There are a number of reasons why people don’t vote.

A lot of them are bad. For example, in presidential elections, the number of non-voters who want to vote but are unable to register — either they lacked access or missed a deadline — often exceeds the margin of victory in the national popular vote. Additionally, the ways in which our elections are administered — on a weekday, with uneven distribution of polling stations — turn a significant number of would-be voters into non-voters every year. So there are a number of policies we could implement, short of mandatory voting, that would expand ballot access and boost turnout.

But some of them are good, and can be interpreted as equal expressions of political speech to casting a ballot. For instance, a citizen who surveys the field of candidates and carefully decides that they can’t stomach any of them is absolutely exercising their right to political speech by not voting. And unless 49 more states add Nevada’s “none of the above” line to allow for an accounting of protest abstentions, it’s hard to argue that forcing them to show up and write someone in is any more representative.

Alternatively, a citizen who knows how much they don’t know about the pros and cons of their vote choice could very easily conclude that their most responsible decision is to sit the election out. That’s political speech, too.

Forcing this subset of the population to show up might not be such a good idea. Campaigns respond to the electorates with which they are presented, and just as our candidates will be forced to address the influx of voters who are currently excluded from the electorate for structural reasons, they will also have to take the opinions of the perennially uninformed into account.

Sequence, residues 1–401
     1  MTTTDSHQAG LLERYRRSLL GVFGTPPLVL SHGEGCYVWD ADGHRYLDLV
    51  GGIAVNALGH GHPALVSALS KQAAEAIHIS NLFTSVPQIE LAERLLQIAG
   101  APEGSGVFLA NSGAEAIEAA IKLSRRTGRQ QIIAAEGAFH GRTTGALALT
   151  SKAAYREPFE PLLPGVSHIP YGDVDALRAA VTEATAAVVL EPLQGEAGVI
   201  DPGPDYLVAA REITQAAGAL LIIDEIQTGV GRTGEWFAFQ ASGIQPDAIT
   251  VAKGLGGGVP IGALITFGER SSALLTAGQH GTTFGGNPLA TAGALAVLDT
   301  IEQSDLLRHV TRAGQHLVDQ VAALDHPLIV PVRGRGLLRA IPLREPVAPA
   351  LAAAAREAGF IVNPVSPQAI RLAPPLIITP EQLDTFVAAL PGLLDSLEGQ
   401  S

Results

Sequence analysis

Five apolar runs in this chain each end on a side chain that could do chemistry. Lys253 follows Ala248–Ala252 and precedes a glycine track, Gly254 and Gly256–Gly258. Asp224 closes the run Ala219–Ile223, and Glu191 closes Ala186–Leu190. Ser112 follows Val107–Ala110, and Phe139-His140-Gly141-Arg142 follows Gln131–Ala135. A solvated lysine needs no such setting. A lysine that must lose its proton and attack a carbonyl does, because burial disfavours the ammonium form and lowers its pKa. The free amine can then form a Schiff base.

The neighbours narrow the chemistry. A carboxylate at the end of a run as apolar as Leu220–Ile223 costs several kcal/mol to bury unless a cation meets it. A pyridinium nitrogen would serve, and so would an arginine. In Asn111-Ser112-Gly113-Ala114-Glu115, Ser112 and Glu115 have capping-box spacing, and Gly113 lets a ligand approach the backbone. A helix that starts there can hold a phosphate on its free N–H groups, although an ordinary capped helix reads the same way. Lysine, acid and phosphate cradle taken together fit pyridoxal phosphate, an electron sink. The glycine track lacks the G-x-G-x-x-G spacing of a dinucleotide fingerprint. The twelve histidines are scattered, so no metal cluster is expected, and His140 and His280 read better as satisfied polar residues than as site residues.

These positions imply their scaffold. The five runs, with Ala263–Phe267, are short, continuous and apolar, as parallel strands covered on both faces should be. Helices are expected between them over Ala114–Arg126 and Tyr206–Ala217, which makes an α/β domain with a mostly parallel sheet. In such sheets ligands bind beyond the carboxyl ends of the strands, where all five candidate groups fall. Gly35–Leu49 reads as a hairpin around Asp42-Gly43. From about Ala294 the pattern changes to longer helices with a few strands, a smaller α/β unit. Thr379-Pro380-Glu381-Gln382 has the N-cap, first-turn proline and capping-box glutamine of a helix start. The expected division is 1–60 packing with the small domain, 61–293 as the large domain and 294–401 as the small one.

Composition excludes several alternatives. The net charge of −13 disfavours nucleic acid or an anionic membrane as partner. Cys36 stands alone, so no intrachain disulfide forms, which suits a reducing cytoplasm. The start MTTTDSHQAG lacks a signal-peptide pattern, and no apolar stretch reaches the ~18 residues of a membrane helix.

Ask any political consultant in Australia how they feel when two people voice the same wildly incorrect opinion in a focus group. In America, there’s a good chance that at least one of them won’t show up to vote; in Australia, they get pandered to along with the rest of the populace.

57.5 percent of eligible citizens cast a ballot in 2012. Relative to the democracies we like to compare ourselves to, that’s an embarrassingly low level of voter turnout for any national election, let alone a presidential one. But the remaining 42.5% of the public that didn’t vote is not a monolith; there are a number of reasons why they didn’t turn out.

And there are a host of policies we can implement — starting with universal voter registration, a voting week and a standardized polling place — that will expand ballot access to those who want to vote without coercing those who don’t, or feel that they shouldn’t.


Jon Green graduated from Kenyon College with a B.A. in Political Science and high honors in Political Cognition. He worked as a field organizer for Congressman Tom Perriello in 2010 and a Regional Field Director for President Obama's re-election campaign in 2012. Jon writes on a number of topics, but pays especially close attention to elections, religion and political cognition. Follow him on Twitter at @_Jon_Green, and on Google+. .